View Full Version : Lindley Clock Tower, Huddersfield sept 08 ARCHIVED

19-09-2008, 04:04 PM
This was an open day as part of the heritage weekend 14th - 15th September 08.

Lindley Clock Tower was commissioned in 1901 by Mr James Nield Sykes, Mr Sykes was a well known local businessman. His support of local charities and gifts to his native village of Lindley were well known. The Clock Tower was probably his most well known gift. The structure is unique and familiar landmark, which can be seen from many parts of Huddersfield.

The tower is situated in a commanding position at the junction of five roads, Lidget Street, Acre Street, Plover Road, Daisy Lea Lane and Occupation Road.

The tower is built of a finely textured local stone. The concave pagoda roof is covered with copper which with weathering etc; is now green. The mullions, gargoyles and sculptures are all carved from the same fine textured local stone. The clock faces are 6 feet in diameter with roman numerals, and plain hands. Originally the clock was fitted with a Cambridge and Westminster chimes which tolled every quarter and full hour. In 1969 the mechanism was found to be badly worn and was replaced by the clock mechanism from the old Market Hall Tower, which was situated in King Street, Huddersfield, and had been demolished the same year. The replacement mechanism did not have any chimes or strike the hour. This did not suit the good people of Lindley. They organised an appeal and the then local authority installed new chimes in 1971.

The tower was designed by Mr Edgar Wood A.R.I.B.A. Mr T. Stirling Lee, who worked regularly for Edgar Wood, was responsible for all the sculptures and copper work. Edgar's uncle, John Sykes, was a founder of the firm that later became Joseph Sykes Brothers, Acre Mills at Lindley.

The dimensions of the tower make one realise the strength of the building. The tower is 83 feet high. The walls are 2 feet thick. It is squarely built and the width of the sides including the buttresses at the corners is 11 feet.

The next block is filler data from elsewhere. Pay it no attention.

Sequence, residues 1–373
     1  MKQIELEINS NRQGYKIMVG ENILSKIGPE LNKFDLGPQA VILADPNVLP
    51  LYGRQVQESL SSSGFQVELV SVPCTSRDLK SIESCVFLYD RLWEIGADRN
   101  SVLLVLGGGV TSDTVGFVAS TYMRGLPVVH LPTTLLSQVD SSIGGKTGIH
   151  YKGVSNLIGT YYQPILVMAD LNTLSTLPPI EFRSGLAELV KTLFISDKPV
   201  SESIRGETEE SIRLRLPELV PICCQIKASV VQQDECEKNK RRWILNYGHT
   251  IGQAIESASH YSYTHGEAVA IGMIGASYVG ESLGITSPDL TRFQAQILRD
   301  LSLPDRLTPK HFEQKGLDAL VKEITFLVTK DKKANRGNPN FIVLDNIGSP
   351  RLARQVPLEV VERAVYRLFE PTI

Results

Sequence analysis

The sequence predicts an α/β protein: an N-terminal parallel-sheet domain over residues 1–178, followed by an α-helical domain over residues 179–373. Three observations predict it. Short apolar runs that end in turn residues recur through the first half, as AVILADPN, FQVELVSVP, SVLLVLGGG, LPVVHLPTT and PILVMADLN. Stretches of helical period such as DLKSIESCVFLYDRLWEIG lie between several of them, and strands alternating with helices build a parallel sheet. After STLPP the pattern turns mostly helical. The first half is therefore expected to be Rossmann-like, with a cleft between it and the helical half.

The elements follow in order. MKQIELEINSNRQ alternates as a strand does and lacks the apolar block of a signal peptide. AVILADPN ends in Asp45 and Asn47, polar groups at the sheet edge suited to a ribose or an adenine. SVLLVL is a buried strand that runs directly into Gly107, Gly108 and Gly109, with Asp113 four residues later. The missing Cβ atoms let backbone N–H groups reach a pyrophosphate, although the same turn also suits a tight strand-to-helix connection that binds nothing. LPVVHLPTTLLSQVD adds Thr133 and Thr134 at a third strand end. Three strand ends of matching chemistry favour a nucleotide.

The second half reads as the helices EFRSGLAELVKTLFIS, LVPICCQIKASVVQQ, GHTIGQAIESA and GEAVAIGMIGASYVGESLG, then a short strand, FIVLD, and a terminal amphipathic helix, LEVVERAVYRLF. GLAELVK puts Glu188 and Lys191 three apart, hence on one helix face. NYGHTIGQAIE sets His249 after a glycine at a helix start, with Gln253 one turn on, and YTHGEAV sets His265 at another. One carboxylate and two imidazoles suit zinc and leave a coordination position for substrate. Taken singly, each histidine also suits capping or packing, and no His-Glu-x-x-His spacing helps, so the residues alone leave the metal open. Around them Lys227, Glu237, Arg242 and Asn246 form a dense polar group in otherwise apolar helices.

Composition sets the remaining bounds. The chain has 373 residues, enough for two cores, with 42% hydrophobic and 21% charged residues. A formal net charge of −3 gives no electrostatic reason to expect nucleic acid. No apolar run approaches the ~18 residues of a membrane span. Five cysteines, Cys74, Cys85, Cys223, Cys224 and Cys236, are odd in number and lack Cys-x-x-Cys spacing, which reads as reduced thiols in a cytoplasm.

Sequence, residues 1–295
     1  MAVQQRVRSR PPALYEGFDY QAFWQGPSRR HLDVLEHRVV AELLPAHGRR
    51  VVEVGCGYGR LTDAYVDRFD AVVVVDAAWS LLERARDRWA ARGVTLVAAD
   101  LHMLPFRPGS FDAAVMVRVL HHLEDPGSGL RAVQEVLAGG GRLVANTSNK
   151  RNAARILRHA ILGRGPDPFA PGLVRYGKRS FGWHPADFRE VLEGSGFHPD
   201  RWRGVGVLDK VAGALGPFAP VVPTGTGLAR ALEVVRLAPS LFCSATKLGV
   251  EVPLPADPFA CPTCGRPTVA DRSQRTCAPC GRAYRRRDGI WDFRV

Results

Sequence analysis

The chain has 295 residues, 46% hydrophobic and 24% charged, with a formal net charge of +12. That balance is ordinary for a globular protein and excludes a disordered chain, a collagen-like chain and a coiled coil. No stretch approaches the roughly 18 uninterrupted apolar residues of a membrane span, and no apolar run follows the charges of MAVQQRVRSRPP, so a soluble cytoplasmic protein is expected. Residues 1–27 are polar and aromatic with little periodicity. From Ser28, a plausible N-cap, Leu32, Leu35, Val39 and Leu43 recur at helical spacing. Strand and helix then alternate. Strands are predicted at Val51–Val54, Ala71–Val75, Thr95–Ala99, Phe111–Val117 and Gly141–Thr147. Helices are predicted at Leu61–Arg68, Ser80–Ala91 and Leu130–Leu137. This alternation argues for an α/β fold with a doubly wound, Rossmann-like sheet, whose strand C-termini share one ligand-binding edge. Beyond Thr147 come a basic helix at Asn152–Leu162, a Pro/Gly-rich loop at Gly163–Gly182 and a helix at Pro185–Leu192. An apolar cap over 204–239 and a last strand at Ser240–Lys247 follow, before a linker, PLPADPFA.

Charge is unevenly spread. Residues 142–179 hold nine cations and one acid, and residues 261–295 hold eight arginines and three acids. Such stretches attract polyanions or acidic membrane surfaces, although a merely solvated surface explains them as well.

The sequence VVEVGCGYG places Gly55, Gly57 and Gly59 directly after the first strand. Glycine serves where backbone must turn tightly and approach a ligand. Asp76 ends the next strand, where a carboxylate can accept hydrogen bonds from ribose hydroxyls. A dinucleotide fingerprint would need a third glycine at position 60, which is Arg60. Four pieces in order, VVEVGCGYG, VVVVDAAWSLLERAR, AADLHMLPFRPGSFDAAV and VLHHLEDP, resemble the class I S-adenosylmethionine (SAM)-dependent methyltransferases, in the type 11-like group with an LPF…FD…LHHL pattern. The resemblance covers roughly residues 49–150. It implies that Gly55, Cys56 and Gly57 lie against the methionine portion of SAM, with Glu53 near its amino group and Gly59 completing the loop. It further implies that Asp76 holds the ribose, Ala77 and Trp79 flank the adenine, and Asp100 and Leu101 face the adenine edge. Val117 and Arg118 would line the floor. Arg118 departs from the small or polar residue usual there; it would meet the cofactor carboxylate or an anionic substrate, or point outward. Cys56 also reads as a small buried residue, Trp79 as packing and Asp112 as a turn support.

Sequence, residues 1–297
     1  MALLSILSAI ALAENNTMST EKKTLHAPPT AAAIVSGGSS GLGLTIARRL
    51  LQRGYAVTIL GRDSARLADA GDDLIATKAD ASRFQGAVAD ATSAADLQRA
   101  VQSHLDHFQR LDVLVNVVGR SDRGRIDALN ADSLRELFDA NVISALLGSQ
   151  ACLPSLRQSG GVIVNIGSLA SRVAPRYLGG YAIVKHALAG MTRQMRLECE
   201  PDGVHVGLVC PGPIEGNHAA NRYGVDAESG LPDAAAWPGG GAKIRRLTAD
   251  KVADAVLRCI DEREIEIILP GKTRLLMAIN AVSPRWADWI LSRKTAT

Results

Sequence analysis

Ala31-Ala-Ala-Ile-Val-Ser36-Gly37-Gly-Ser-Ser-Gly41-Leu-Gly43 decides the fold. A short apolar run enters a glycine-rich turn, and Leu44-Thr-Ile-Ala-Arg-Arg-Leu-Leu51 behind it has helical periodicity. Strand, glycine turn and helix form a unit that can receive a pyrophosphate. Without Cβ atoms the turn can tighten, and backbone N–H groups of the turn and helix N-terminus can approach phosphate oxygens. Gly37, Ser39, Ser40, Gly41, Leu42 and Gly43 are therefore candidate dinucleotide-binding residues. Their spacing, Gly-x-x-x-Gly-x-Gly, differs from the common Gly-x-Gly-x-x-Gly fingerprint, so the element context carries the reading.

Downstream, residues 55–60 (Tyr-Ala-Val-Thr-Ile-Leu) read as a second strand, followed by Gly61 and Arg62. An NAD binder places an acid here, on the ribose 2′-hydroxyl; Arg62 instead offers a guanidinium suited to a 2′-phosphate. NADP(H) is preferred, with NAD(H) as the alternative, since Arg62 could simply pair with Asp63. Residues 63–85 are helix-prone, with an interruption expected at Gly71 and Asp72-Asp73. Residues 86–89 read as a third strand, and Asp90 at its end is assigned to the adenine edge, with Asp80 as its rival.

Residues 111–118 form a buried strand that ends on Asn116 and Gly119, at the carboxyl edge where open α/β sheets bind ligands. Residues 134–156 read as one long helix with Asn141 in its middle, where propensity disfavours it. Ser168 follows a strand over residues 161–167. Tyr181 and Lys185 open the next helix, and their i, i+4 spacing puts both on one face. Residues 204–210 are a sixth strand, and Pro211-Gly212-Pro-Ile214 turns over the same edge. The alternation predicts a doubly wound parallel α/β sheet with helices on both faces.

The tower was completed in December 1902, and the estimated cost being between 3,000 and 4,000. The clock was officially started on Christmas Eve, 1902 by Miss Mary Alice Sykes, the draughter of James Nield Sykes.

The significance of the many sculptures which adorn the tower are of interest and may not be known by many.

The group sculptures over the doorway has, as its central figure, TIME, standing on a winged world, and holding his scythe and hour glass. He is shown to be moving straight ahead, turning to either left or right and to be in full youth, never growing old. On his right is a figure of YOUTH sowing seed and on his left is OLD AGE reaping.

Above the figure of TIME is a winged figure standing on clouds and recording the acts of time while enshrined in the niche of ETERNITY.

Near the tops of the four buttresses and level with the clock faces are figures representing the eternal virtues. Facing east is TRUTH with the book of truth, and reflecting in her mirror, Christ crucified. Her foot is on a serpent representing falsehood. LOVE is the figure facing south. She is shown bearing her child in her arms over thorny paths of life. Facing west is PURITY with dove and purifying torch, crowned with bay leaves and standing on "The Flowing River". The fourth buttress figure is JUSTICE holding her scales perfectly balanced, and her sword, with her feet on oppression and vice.

The four seasons are shown on the frieze. A blossoming almond symbolises SPRING, a rose, SUMMER, an apple AUTUMN and holly WINTER.

The four gargoyles on the four corners of the roof represent the beasts fleeing from the tower of time. They are LAZY DOG, the VICIOUS DOG, the CUNNING DOG and the GREEDY DOG.

If one studies the seasons portrayed on the frieze it will be seen that they are linked to the solar pattern. Winter which sees little sun is on the northern frieze, spring, which heralds longer days and earlier sunrise is on the eastern frieze to receive the morning sun. Summer sees the longest days is on the south frieze. Autumn is on the western frieze where it receives the afternoon sun.

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